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Huay Kha Kaeng, June 2008

Huay Kha Kaeng, Uthai Thani 28-29/06/08

One place I have always had at the back of my mind is Huay Kha Kaeng wildlife sanctuary in the province of Uthai Thani. The sanctuary is part of a large forest complex of Western Thailand and located some 300 km from Bangkok.

As it was, I needed to do a trip to visit a needy school for Burmese refugees at Mae Sot.
On the way back I opted for a short visit to HKK.

I arrived at the turn off with a big sign to the sanctuary around 4 pm. Here, stands of deciduous broadleaved forest started to line the road.
I heard some shrilling shrieks and stopped the car. It didn’t take long to identify a pair of Black Baza’s. These birds are resident in the area and always a bird to be enjoyed.
Several Yellow-footed Pigeons were stirred up by their antics. These Green Pigeons are hard to see well as they blend so well with the lush trees during the wet season.
The Pigeons are normally found on low elevations and are rather uncommon birds.

As I drove on, the forest changed into a very healthy looking dry dipterocarp forest, much looking like the one in Mae Ping National Park in the North.
This type of forest is more open, with relatively short trees and often hold good numbers of medium sized birds. It didn’t take long before I heard the characteristic laughter of Black-headed Woodpeckers. These birds are most often seen by visiting birders at the lower levels of Doi Inthanon but by no means a guarantee. The best place I have found is at Mae Ping. I tried real hard to stalk the birds for some images but they always seemed to stay one step ahead of me. They move about in small parties and make a lot of noise as they go. Their red rumps flashed brilliantly as they flew from tree to tree.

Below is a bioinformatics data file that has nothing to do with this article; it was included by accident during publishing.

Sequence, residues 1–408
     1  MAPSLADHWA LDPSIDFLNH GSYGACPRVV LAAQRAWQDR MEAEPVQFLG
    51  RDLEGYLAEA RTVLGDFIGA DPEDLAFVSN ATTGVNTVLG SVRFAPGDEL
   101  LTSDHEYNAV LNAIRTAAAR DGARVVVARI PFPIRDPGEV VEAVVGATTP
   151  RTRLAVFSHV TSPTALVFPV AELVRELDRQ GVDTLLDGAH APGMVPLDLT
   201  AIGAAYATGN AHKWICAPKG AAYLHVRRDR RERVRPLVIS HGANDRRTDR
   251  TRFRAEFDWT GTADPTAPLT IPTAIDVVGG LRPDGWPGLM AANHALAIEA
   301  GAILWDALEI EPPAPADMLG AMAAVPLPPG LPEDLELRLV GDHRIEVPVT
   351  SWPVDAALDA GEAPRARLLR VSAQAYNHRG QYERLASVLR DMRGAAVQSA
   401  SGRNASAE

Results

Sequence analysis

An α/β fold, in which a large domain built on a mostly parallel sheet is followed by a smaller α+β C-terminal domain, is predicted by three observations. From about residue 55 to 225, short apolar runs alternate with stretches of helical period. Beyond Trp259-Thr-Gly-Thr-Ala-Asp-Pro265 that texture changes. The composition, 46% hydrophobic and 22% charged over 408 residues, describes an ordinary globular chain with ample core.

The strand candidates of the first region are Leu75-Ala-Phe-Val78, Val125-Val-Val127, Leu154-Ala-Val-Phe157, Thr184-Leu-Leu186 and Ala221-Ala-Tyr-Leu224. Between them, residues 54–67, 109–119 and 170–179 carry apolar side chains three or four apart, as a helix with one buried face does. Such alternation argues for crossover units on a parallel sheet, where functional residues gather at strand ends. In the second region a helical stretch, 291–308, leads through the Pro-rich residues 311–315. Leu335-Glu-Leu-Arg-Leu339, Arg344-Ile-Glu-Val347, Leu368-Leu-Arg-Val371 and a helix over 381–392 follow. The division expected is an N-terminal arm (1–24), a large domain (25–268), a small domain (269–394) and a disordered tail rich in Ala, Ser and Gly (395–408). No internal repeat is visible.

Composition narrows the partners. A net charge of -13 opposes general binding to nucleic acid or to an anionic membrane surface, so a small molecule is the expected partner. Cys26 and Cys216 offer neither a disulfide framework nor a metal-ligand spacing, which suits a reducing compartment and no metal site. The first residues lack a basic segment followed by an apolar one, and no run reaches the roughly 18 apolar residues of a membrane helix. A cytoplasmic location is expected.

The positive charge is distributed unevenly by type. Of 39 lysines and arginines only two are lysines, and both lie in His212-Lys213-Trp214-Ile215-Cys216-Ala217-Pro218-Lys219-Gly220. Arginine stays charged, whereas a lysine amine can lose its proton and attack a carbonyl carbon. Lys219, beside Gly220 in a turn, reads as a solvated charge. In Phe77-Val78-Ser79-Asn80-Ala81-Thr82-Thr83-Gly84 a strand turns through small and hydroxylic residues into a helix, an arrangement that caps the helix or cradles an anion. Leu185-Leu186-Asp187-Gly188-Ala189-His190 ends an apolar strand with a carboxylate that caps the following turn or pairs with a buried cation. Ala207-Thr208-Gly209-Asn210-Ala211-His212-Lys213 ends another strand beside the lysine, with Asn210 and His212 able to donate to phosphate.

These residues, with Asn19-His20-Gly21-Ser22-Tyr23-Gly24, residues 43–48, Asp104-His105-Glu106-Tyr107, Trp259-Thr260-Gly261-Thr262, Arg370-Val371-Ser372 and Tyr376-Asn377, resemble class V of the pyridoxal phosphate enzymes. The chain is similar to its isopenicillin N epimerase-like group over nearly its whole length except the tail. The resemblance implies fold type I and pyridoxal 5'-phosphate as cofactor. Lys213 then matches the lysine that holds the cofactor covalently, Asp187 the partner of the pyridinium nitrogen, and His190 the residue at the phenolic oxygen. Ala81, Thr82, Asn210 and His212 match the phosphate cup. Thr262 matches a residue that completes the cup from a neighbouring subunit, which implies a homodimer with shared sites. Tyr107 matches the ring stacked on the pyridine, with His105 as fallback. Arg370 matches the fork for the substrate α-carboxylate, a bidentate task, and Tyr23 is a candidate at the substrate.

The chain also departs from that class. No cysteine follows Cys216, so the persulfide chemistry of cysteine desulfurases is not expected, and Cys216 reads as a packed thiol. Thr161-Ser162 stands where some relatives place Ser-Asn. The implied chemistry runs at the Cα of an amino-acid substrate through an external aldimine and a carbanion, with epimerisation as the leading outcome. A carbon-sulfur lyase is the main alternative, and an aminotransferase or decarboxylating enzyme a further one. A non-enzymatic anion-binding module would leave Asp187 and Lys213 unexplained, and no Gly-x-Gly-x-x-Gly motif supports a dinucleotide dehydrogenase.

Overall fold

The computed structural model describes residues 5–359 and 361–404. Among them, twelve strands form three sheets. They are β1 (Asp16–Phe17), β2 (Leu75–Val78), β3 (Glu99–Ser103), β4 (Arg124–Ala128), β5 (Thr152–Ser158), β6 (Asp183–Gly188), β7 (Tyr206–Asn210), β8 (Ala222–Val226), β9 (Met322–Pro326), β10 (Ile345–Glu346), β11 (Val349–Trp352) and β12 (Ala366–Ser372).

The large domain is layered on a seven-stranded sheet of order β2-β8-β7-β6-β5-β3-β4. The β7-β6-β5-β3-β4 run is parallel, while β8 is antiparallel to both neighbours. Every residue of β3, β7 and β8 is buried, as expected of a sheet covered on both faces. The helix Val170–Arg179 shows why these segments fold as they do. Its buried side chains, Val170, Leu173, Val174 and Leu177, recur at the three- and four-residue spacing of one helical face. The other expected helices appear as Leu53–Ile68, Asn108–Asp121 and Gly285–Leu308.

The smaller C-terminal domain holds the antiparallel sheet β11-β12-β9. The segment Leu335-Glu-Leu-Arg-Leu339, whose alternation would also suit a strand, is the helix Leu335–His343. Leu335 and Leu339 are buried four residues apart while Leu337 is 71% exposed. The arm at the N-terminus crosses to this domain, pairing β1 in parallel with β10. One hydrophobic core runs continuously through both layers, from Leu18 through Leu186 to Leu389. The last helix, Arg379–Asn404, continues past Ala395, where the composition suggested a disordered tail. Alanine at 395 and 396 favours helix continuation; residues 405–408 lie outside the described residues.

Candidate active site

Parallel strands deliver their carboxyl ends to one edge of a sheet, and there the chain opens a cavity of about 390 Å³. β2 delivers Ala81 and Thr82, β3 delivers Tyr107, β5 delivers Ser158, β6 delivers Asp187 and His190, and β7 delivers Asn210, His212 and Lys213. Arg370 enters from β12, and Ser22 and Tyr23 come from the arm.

I got within arms reach of a Collared Falconet which was just as startled of the encounter as I was. Unfortunately the camera settings were wrong so I missed out on a picture.

The entrance fee is 200 Baht for foreigners and is paid 9 kilometers before headquarters.
I kept driving till I got to the headquarters. I was impressed how well kept the huge lawn and adjacent buildings were. Many a ranger seemed to be about.
The sanctuary hold an impressive number of mammals and lots of research and various projects are being conducted.

Lodging available has to be negotiated from Bangkok in advance unless one is happy with a tent. Tents have to be brought by one self. I ended up staying at a little home stay right outside where I had paid the entrance fee. The bungalow was clean, had air-con and was relatively cheap at 500Baht.

Homestay: Rimbeung Resort 09-8180658 begin_of_the_skype_highlighting              09-8180658      end_of_the_skype_highlighting, 02-9702966 or 081-9622232

The next morning I drove back in to the park. Once at headquarters I had a ‘jolly good time’ walking around with my camera and enjoying species I find hard to see in the more regular parks such as Khao Yai and Kaengkrachan. Several Hooded Orioles, a flock of Green Imperial Pigeons, a huge flock of Yellow-footed Pigeons (shy birds they are), several flocks of Black-headed Woodpeckers that I managed to get close to.
A big flock of Red-billed Magpies was a nice encounter. A calling pair of Blue-winged Pittas along the nature trail responded well to playback but didn’t come close enough for a picture.

Brunch at the only restaurant was a simple but tasty treat.

At 11 am I had to leave having sampled a lovely park with many interesting species.